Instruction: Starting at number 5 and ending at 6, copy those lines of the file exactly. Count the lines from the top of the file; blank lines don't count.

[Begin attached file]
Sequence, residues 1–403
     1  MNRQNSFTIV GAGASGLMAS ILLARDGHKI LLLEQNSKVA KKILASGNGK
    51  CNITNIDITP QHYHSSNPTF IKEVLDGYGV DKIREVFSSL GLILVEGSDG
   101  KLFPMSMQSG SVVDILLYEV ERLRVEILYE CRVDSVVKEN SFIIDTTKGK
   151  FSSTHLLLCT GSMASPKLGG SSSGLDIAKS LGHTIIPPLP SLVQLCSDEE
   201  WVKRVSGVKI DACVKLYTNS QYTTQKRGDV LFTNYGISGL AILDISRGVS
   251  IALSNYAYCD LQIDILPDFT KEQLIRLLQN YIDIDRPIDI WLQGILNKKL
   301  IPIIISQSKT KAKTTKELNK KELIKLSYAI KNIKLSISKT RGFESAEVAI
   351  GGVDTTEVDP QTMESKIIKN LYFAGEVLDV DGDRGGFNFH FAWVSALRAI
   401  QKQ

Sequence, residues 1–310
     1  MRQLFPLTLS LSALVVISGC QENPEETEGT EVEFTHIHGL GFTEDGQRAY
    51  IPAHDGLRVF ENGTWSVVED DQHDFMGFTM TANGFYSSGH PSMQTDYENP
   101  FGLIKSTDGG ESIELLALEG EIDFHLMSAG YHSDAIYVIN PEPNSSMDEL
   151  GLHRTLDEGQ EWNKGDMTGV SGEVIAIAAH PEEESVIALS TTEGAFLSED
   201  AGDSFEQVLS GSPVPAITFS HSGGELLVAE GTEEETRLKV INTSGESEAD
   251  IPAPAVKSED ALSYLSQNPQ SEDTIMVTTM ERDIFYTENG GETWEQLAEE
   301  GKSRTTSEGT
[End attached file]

   151  FSSTHLLLCT GSMASPKLGG SSSGLDIAKS LGHTIIPPLP SLVQLCSDEE
   201  WVKRVSGVKI DACVKLYTNS QYTTQKRGDV LFTNYGISGL AILDISRGVS